This preview shows pages 1–3. Sign up to view the full content.
This preview has intentionally blurred sections. Sign up to view the full version.View Full Document
Unformatted text preview: Stress management From Wikipedia, the free encyclopedia Jump to: navigation , search This article's introduction section may not adequately summarize its contents . To comply with Wikipedia's lead section guidelines , please consider expanding the lead to provide an accessible overview of the article's key points. (January 2010) This article may need to be wikified to meet Wikipedia's quality standards . Please help by adding relevant internal links , or by improving the article's layout . (January 2010) Stress management is the amelioration of stress and especially chronic stress often for the purpose of improving everyday functioning. Stress produces numerous symptoms which vary according to persons, situations, and severity. These can include physical health decline as well as depression . Contents [ hide ] 1 Historical foundations 2 Models of stress management o 2.1 Transactional model o 2.2 Health realization/innate health model 3 Techniques of stress management o 3.1 Measuring stress o 3.2 Effectiveness of stress management 4 See also 5 References 6 External links [ edit ] Historical foundations Walter Cannon and Hans Selye used animal studies to establish the earliest scientific basis for the study of stress. They measured the physiological responses of animals to external pressures, such as heat and cold, prolonged restraint, and surgical procedures, then extrapolated from these studies to human beings.   Subsequent studies of stress in humans by Richard Rahe and others established the view that stress is caused by distinct, measureable life stressors, and further, that these life stressors can be ranked by the median degree of stress they produce (leading to the Holmes and Rahe Stress Scale ). Thus, stress was traditionally conceptualized to be a result of external insults beyond the control of those experiencing the stress. More recently, however, it has been argued that external circumstances do not have any intrinsic capacity to produce stress, but instead their effect is mediated by the individual's perceptions, capacities, and understanding. [ edit ] Models of stress management [ edit ] Transactional model Richard Lazarus and Susan Folkman suggested in 1984 that stress can be thought of as resulting from an imbalance between demands and resources or as occurring when pressure exceeds one's perceived ability to cope. Stress management was developed and premised on the idea that stress is not a direct response to a stressor but rather one's resources and ability to cope mediate the stress response and are amenable to change, thus allowing stress to be controllable....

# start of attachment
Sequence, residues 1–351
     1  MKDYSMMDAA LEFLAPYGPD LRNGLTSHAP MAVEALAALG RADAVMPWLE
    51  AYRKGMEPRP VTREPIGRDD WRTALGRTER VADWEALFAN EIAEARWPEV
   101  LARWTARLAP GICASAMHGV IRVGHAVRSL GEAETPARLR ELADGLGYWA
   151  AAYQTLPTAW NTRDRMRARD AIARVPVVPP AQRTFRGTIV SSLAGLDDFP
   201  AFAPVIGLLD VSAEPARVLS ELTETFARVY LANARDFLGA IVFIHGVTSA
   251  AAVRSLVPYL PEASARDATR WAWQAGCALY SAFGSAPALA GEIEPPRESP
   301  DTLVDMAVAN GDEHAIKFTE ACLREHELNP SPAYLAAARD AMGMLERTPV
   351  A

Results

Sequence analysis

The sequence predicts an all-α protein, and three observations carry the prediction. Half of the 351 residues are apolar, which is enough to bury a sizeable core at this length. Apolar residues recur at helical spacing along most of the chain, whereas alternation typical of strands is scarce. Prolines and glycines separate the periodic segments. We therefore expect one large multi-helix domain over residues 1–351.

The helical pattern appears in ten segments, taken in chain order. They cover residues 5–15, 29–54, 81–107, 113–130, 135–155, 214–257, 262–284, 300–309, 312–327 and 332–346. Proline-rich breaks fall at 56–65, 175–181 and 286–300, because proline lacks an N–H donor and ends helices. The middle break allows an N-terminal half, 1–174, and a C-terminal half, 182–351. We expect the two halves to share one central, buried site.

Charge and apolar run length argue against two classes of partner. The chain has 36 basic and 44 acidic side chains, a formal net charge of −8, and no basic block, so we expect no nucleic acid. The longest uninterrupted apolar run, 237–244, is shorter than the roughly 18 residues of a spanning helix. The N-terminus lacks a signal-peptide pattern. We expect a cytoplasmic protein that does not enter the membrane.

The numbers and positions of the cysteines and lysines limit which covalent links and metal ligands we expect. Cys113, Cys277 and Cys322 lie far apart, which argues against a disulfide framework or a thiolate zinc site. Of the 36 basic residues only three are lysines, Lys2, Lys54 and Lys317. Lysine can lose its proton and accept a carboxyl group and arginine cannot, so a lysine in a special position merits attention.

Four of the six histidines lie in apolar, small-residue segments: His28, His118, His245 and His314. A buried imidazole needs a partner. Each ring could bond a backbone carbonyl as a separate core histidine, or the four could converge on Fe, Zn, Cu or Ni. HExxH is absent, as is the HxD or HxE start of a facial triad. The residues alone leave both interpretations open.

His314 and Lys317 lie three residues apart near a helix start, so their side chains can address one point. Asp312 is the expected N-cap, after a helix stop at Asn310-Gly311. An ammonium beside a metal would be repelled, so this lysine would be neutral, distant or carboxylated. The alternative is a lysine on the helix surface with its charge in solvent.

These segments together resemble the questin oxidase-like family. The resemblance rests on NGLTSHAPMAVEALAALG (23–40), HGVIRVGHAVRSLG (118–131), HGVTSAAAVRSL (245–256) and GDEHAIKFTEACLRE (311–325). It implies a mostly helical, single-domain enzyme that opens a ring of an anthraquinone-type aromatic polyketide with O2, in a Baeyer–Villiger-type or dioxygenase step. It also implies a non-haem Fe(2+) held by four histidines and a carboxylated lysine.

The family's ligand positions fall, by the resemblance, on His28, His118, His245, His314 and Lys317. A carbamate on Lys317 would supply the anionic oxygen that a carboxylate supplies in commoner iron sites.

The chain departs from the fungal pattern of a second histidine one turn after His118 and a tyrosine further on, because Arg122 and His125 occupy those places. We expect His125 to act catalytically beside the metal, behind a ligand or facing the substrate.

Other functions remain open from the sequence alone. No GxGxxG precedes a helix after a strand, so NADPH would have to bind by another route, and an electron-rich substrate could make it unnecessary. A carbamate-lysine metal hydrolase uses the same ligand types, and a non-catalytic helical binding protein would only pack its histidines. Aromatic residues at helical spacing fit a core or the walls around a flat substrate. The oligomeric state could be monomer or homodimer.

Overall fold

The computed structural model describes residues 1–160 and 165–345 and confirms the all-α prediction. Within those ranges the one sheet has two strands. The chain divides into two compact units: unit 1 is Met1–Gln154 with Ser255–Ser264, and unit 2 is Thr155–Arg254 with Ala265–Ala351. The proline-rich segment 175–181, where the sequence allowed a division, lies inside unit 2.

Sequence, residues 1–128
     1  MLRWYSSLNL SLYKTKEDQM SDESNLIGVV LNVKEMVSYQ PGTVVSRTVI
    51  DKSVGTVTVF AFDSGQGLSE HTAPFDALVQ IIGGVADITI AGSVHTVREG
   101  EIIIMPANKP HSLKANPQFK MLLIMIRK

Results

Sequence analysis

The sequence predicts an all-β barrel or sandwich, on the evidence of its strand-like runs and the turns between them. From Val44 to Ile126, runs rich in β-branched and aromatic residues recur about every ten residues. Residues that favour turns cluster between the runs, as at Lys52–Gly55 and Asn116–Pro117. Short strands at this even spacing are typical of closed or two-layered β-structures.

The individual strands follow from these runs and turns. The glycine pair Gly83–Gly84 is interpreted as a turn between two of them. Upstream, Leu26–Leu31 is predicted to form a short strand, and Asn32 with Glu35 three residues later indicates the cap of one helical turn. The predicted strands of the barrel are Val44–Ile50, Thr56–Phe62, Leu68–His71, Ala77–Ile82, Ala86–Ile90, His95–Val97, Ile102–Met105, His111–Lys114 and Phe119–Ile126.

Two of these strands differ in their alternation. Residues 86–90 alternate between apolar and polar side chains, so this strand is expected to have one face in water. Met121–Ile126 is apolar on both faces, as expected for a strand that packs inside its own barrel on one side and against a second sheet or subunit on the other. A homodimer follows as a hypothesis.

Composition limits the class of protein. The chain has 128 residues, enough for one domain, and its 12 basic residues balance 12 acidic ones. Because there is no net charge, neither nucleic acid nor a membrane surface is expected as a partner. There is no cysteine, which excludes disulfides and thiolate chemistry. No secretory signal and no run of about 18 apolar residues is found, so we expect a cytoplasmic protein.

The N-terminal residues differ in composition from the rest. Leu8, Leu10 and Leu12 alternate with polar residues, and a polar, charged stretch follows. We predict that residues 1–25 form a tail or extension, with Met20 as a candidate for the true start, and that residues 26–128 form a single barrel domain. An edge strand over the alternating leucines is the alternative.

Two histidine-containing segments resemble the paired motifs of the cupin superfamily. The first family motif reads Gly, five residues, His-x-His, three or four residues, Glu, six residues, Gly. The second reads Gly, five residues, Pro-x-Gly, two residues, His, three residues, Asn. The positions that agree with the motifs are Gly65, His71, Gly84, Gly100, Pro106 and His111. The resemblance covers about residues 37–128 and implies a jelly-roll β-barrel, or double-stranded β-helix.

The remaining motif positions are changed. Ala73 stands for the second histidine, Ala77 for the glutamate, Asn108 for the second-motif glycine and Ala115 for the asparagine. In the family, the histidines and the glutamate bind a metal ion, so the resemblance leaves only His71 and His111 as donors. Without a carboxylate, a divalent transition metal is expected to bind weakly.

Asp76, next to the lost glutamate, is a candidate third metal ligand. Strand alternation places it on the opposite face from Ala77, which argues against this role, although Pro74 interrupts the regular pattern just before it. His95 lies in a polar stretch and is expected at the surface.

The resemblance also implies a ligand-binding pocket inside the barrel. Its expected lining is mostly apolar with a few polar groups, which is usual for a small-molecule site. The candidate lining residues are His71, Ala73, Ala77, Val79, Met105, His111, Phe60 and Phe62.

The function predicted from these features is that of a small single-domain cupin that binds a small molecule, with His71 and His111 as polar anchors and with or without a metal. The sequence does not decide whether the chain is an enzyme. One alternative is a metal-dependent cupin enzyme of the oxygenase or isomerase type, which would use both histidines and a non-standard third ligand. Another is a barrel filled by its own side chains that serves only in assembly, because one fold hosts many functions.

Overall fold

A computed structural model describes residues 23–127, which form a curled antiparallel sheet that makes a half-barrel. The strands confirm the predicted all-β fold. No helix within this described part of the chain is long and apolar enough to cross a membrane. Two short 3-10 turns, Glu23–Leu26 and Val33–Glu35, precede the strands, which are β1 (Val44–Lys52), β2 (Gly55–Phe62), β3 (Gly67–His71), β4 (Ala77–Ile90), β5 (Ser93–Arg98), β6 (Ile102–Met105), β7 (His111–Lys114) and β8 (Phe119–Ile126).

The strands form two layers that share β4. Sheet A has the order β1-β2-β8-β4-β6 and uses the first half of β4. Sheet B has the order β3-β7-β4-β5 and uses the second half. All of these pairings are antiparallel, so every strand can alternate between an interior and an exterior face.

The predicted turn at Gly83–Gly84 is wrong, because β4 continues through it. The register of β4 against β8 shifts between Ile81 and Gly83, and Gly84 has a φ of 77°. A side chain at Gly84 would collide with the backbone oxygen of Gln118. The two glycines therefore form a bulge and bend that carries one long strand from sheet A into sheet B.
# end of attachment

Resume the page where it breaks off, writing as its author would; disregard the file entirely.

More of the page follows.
View Full Document
This note was uploaded on 09/26/2011 for the course PSYCHOLOGY 110 taught by Professor Kannan during the Spring '11 term at Anna University Chennai - Regional Office, Coimbatore.
- Spring '11